Well thats how it was explained to me by an engineering type person a few years back, the additional grip provided through those sticky Pirellis by the extra weight was sufficient to overcome the inertia generated by that weight in the nose. There is more to the law of physics sometimes than simply extra weight = more understeer.
If the front suspension was the same across the range then the heavier engined models would smack their noses on every speed bump. Not sure if its springs or shockers or a combination of both but there is a difference. Quite simply there has to be. For everyday use the lighter engined model is superior and is the one I would chose because most of the time you are doing normal speeds and it is easier to chuck around. For that occasional high speed stupid blast across back country roads I feel the heavier engined model is more planted and is capable of putting the power down earlier, and with more grunt hence its ability to be faster. It would not be so in a race across a town though because at the lower speeds it is less weildy, now whether thats down to suspension, tyres, chassis set up or what I am not skilled enough to comment on but having driven both types that is my opinion.
Admission, going across the Quantocks a few years back, me in a 2.4ti and a friend in a 1.9ti, at 90 mph in a wide RH sweeping bend I was sat planted and happy, the 1.9 had to back off (after it had puffed its way to catch up). Return journey, swapped cars and with me in front, same bend, the 2.4 was all over my back bumper looking for a way past while I was getting very worried at around 85 at the feel of the car which was getting light and decidedly unhappy about things.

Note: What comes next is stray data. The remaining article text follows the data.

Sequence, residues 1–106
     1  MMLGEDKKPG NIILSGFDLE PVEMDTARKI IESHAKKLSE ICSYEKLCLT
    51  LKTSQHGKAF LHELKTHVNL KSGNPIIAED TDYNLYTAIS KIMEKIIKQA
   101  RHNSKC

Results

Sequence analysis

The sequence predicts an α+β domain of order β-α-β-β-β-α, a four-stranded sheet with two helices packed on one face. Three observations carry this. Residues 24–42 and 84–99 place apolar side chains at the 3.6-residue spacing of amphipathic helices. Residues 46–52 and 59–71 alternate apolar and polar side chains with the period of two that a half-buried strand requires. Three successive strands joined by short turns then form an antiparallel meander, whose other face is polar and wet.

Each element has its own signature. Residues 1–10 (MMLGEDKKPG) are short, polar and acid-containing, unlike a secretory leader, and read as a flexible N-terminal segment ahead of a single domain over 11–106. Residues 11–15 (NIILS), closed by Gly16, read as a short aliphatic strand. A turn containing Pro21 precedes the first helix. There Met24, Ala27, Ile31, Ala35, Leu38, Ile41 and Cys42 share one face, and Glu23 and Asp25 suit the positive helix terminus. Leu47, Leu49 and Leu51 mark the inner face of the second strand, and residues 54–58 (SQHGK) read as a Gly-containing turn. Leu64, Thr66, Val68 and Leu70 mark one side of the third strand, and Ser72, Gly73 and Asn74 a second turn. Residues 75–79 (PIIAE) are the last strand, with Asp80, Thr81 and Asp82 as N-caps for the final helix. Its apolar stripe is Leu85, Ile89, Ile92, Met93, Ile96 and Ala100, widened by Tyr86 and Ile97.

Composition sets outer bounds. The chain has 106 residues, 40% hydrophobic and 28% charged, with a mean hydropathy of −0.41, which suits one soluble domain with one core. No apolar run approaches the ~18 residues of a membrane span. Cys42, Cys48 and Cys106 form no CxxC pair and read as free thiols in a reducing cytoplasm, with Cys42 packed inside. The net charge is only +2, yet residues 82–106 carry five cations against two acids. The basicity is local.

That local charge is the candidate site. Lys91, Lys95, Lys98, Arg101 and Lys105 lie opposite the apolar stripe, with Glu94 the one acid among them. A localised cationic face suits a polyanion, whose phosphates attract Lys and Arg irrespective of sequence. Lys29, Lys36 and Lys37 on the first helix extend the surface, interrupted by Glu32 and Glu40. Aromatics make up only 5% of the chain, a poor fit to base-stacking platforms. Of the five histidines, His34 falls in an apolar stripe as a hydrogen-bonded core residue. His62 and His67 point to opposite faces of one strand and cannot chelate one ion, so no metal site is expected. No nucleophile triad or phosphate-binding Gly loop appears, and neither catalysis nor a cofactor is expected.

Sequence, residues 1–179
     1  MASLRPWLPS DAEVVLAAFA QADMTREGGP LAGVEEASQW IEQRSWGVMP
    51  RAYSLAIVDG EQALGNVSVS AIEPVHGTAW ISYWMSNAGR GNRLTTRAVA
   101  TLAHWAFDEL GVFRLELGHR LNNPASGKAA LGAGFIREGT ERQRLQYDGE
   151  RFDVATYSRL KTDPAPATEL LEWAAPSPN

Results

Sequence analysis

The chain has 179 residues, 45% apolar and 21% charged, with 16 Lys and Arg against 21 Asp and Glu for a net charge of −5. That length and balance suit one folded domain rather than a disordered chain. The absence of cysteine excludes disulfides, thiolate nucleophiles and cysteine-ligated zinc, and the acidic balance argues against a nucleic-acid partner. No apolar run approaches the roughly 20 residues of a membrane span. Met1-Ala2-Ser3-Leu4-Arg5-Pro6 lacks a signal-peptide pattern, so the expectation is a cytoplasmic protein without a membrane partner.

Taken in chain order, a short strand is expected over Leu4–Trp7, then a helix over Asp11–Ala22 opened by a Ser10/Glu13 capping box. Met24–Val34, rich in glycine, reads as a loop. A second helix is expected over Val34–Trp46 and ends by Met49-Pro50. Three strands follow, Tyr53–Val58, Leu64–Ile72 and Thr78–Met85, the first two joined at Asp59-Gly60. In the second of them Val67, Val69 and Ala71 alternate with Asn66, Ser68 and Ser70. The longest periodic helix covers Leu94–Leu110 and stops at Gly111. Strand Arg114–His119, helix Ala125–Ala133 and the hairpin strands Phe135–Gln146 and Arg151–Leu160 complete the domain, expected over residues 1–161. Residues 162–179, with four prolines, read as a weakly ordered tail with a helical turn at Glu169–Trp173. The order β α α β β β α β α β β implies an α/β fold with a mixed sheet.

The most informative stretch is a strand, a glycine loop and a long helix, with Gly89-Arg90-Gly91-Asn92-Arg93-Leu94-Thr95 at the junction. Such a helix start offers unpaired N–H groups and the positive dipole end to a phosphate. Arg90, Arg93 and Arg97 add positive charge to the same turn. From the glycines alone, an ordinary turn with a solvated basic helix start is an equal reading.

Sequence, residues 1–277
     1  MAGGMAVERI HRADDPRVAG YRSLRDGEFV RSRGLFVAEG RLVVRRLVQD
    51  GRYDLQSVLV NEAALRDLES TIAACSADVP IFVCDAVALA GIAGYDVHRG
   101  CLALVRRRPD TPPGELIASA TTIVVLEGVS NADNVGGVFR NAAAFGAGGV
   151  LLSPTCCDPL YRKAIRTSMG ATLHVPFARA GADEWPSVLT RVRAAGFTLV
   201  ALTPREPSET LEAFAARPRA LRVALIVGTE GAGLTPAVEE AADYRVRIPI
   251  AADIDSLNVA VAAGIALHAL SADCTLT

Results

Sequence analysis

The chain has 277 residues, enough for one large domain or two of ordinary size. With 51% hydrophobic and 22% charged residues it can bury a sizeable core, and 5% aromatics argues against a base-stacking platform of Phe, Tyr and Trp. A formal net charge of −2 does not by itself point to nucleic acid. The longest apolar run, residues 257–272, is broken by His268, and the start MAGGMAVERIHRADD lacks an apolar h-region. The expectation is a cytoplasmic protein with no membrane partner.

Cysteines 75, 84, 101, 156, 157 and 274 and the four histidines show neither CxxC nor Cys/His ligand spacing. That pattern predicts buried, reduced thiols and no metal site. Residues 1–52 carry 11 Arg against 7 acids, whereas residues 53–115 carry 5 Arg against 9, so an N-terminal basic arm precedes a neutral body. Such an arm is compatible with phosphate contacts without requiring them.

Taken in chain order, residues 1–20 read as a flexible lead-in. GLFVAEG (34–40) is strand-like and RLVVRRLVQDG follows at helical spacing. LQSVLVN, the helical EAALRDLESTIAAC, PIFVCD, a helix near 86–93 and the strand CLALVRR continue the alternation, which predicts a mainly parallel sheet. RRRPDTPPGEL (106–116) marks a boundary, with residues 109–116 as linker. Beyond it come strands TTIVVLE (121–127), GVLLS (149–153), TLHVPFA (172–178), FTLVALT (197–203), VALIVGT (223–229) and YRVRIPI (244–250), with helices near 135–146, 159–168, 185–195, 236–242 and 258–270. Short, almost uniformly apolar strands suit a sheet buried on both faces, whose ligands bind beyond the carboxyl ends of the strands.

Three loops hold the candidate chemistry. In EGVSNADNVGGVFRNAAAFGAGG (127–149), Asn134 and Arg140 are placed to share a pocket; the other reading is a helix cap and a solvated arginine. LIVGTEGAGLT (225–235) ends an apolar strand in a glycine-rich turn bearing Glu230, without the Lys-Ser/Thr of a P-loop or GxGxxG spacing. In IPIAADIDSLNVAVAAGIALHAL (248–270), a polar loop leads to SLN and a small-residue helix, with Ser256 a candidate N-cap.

Those are my findings, take them for what you want, what I have said is my own opinion and findings. You are of course entitled to yours.
Oh, btw if you look at the history of F1 you will note that they have actually fitted heavier engines, when the rules and regulations decreed, for instance, V10's not too long ago! Not a good comparison though as with a lighter and smaller V8 but a big tank full of fuel, the cars are now heavier however, as the chassis and handling is developed, it is anticipated that defecit will have been almost eliminated by the end of the season so, a heavier F1 car will be as quick as a lighter one. How do they do that then when the law of physics says otherwise, hmmmm